The 8 Worst Songs in the Ghostbusters Movies

As you probably recall, I saw Ghostbusters on the big screen a few weeks ago. It whetted my appetite to re-watch the much-maligned sequel. The original is a blast in every way. The sequel was… not good, but I enjoyed it, just like I have all the other times I’ve seen it. However, there’s one prevailing theme throughout both films. Specifically, other than Ray Parker, Jr.’s titular theme song and “Higher and Higher”, both films are crawling with horrible, horrible songs. For instance…

Savin’ the Day, The Alessi Brothers
I almost burst out laughing when I heard whatever this is in the movie.

Flip City, Glenn Frey
The bass line, vocals, whining guitar, and keyboard are pure 80s. That’s not a good thing.

Magic, Mick Smiley
How did anyone get laid in the 80s with music like this to set the mood?

On Our Own, Bobby Brown
Too hot to handle, too cold to hold/ They’re called the Ghostbusters and they’re in control/ Had ’em throwin’ a party for a bunch of children/ While all the while the slime was under the building/ So they packed up their group, got a grip, came equipped/ Grabbed their proton packs off their back and they split/ Found about Vigo, the master of evil/ Try to battle my boys? That’s not legal

Supernatural, New Edition
I have no clue what this is doing on the soundtrack.

In the Name of Love, The Thompson Twins
The best part of The Thompson Twins is that they remain in the 80s, never to be freed.

The Promised Land, James “J.T.” Taylor
You know what a soundtrack for a movie about ghosts doesn’t need? A love song by some dude with a falsetto voice.

We’re Back, Bobby Brown
A calliope music beat and video game noises sort of undercut the song’s lyrics about fighting evil (“and overthrow the bad, yo!”). This also makes Bobby Brown a repeat offender.


Filed under Humor, Movies

14 responses to “The 8 Worst Songs in the Ghostbusters Movies

  1. Haha clever post. I’ve only seen the first Ghostbusters but I’ve heard all sorts of shitty things about the sequel, though never paid much attention to the soundtrack. It’s ironic that a film with such a famous theme could have such an atrocious soundtrack.

    • It’s mostly a function of its era. Movies in the 80s were so dead-set on having special soundtracks with songs tied to the film (think Prince with the original Batman), and that makes it naturally dated later on down the line. And it doesn’t help that I really don’t like 80s music at all.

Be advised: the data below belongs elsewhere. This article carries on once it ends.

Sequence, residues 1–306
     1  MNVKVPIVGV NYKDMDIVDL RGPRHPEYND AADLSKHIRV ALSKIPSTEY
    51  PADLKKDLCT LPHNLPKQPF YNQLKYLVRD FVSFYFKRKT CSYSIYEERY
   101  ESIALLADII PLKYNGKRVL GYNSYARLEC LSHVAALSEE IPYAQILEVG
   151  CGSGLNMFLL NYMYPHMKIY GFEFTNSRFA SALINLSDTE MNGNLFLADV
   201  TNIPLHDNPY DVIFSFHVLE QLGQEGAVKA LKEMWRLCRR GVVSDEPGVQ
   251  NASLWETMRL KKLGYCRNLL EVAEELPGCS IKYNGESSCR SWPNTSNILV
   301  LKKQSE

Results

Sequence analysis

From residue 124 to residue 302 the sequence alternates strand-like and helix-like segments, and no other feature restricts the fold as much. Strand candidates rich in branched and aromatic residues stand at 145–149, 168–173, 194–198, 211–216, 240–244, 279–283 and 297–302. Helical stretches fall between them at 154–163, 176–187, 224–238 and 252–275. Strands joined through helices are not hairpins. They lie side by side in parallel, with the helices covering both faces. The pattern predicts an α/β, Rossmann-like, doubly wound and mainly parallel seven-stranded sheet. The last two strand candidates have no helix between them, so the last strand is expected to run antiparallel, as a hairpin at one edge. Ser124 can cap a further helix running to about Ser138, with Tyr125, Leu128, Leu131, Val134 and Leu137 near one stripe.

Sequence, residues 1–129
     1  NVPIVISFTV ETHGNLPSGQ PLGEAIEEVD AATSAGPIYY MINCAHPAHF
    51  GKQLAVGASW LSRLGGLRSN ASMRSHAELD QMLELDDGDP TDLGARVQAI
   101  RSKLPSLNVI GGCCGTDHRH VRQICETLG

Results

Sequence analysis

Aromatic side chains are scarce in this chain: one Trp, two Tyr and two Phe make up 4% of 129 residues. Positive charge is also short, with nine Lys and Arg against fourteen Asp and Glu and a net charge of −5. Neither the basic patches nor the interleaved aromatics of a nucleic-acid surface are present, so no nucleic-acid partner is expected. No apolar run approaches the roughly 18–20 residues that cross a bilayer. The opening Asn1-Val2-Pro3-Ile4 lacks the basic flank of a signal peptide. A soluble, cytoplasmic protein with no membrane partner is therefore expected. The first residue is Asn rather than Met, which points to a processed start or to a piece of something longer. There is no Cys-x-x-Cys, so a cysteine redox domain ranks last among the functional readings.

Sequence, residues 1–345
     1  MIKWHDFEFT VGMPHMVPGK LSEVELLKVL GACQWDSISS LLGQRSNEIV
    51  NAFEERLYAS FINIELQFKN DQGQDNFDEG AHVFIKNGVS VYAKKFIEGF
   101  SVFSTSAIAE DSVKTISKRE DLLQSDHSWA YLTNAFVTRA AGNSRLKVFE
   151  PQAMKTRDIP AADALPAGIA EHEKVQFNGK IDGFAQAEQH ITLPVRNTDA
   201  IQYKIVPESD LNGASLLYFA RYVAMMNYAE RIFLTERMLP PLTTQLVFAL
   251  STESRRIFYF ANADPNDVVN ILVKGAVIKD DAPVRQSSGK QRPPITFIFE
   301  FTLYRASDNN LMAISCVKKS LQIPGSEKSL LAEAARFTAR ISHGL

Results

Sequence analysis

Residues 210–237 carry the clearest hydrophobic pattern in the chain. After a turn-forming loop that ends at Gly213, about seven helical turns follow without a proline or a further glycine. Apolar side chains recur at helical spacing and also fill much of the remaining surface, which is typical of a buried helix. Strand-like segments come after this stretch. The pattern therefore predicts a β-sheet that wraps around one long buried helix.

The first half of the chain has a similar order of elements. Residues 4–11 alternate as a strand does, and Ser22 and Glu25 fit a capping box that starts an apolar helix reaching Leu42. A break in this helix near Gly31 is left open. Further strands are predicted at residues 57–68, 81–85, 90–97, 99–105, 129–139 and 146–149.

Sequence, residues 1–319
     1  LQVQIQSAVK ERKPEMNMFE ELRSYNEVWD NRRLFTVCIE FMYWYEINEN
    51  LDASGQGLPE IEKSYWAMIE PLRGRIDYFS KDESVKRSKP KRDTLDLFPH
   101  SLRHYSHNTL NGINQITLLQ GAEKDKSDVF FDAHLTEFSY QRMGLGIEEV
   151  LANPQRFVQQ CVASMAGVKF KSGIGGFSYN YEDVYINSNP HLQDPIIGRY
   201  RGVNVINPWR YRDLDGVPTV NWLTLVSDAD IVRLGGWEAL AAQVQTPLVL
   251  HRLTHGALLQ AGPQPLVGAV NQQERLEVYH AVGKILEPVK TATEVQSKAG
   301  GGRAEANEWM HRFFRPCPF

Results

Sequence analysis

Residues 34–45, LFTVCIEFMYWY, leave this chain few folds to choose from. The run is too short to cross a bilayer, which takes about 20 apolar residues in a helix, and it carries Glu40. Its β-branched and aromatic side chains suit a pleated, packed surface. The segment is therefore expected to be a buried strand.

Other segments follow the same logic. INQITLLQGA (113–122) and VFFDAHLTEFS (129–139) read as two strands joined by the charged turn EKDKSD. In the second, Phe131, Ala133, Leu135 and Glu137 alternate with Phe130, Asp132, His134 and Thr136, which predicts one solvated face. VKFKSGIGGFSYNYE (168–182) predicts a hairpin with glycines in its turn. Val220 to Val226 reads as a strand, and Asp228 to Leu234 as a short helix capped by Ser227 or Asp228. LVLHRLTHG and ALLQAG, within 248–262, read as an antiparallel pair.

As for the sequel, it’s not good… but it’s not the worst thing ever made, either. If you like the first one, the second is at least worth a watch when you’re hungover or something.

  2. Craig

    I am experiencing a bit of Orwellian Doublethink on this matter.

    I both agree with what you say, but also completely disagree as I love those songs, all of which are inextricably linked to my childhood.

  3. aleksa

    Wow, did the makers of “G2” owe Bobby Brown money or something?

  4. The guy who met Kevin Meany

    Judging these songs on their own, they are a huge POS; however they were strategically placed and sampled within the movie that they worked. Savin’ the Day by The Alessi Brothers really complimented that police escort to Dana’s apartment building featuring Arabs, Jews, and a cameo from Ron Jeremy.

  5. The guy who met Kevin Meany

    It’s strange that I remember that part of the crowd. Actually, there might not have been an Arab guy standing next to the Hasidic Jewish guys. I just felt that ghosts brought out the best in mankind where political and religious strife were temporarily forgotten. It was actually just a random group of “New Yorkers” featuring Ron Jeremy.

  6. goregirl

    The Ghostbusters soundtracks are just AWFUL!! These are all great (awful) choices, but I would have included the Air Supply song…I freaking hate Air Supply!

  7. Ben

    I agree that on their own, out of context, they are awful. As part of the film though, they are amazing! They are as essential to this movie as Bill Murrey, Marshmallow Man or Slimer!

    • Ha… I’ll definitely grant you that it’s part of the experience. It’s like being transported magically through time to 1984 (or 1989).

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